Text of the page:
Raagi Bhakri

During summers in Bhatkal (Karnataka), every morning we were treated to Raagi-neru. A watery concoction of raagi ground with a bit of coconut and jaggery. My grandmother advised that this would keep our insides cool from the summer heat. We’d hurriedly gulp a few glasses and dash into the orchards, chasing dragon flies!

I recently saw two recipes for Raagi Roti (or Bhakri) and convinced M to give it a try.We followed two similar recipes; one by Latha from Yum Blog! and the other by Asha of Foodies Hope. There are slight variations, so go ahead and check them out.The bhakri had a nice earthy taste and was slightly gritty. The red onions and chillies gave it a nice zing and did not need any chutney to go with it. It did dry my mouth, and I gulped a couple of glasses of water and juice. I quickly chomped down two bhakris and was surprisingly full for the rest of the day. It sits strongly in your stomach. This ability to fill you must be an important reason why raagi is a staple amongst the poor laborers in Northern Karnataka. This would be a great snack to power you on a long hike.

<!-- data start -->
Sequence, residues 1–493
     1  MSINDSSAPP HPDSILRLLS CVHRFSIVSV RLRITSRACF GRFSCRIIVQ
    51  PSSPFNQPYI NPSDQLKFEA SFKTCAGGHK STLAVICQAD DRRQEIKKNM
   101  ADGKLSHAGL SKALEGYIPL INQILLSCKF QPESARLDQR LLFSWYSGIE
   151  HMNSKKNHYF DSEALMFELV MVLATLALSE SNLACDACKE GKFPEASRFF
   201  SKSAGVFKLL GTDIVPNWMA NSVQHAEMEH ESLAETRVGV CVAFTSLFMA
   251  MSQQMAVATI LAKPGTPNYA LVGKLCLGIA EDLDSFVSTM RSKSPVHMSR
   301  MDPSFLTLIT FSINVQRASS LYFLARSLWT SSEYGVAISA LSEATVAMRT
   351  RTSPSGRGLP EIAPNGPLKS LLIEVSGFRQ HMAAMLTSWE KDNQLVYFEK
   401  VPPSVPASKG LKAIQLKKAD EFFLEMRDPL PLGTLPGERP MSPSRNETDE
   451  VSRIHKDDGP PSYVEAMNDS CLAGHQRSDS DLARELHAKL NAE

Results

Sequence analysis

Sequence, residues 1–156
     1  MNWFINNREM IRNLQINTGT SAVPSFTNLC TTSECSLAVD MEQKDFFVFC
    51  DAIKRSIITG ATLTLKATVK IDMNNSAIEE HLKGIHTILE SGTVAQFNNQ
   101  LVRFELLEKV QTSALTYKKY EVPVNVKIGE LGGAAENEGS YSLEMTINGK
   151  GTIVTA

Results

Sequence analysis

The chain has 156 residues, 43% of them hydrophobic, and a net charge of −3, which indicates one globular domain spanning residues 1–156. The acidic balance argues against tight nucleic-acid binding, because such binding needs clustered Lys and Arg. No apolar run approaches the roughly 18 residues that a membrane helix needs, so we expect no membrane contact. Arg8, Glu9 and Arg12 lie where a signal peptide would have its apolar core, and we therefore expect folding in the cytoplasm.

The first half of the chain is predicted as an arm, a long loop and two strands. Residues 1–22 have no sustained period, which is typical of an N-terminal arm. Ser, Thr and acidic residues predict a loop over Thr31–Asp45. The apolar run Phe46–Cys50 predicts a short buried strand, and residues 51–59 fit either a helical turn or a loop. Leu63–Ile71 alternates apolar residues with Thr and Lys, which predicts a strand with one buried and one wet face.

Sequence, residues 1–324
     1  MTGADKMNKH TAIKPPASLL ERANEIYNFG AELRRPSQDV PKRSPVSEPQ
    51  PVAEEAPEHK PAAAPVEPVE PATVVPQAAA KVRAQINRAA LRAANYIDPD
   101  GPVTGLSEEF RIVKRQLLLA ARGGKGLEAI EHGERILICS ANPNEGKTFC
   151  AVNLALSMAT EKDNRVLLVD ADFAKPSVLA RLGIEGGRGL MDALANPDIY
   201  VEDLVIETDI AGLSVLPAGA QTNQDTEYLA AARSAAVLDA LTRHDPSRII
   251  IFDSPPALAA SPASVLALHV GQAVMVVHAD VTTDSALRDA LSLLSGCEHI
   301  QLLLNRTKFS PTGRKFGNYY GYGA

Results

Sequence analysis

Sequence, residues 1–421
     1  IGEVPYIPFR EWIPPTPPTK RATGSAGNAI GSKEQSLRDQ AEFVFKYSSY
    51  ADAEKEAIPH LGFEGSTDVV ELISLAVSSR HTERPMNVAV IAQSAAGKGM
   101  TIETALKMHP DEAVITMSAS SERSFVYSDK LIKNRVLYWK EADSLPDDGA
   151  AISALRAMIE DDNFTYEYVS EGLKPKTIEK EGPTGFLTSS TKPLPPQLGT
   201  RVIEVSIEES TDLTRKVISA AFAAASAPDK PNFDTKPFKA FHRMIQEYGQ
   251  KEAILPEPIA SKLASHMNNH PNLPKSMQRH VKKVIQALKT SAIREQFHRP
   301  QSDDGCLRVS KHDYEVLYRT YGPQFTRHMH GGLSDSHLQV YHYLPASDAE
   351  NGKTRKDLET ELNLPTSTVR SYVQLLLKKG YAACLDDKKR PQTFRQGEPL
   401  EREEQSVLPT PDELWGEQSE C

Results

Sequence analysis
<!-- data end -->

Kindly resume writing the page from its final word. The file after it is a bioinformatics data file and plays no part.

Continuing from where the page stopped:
Ingredients (essentially from Latha’s post)

  • Raagi flour – 1 cup; see making Fresh Raagi Flour
  • Cilantro, finely chopped – half bunch
  • Red onion, 1/2 of medium sized, finely chopped
  • Green chilly pepper, 2 finely chopped
  • Salt to taste
  • Method:

  • Mix ingredients in the least amount of water and knead into a smooth soft dough.
  • Set aside for 15 minutes.
  • Spread a few drops of oil on a hot tava (pan), place a ball of dough and pat it to a pancake. Try to get it as thin as possible.
  • It helps to rub oil on your fingers to prevent them sticking to the dough
  • Roast covered over medium heat
  • Flip and roast other side as well.
  • Don’t crisp, but leave soft.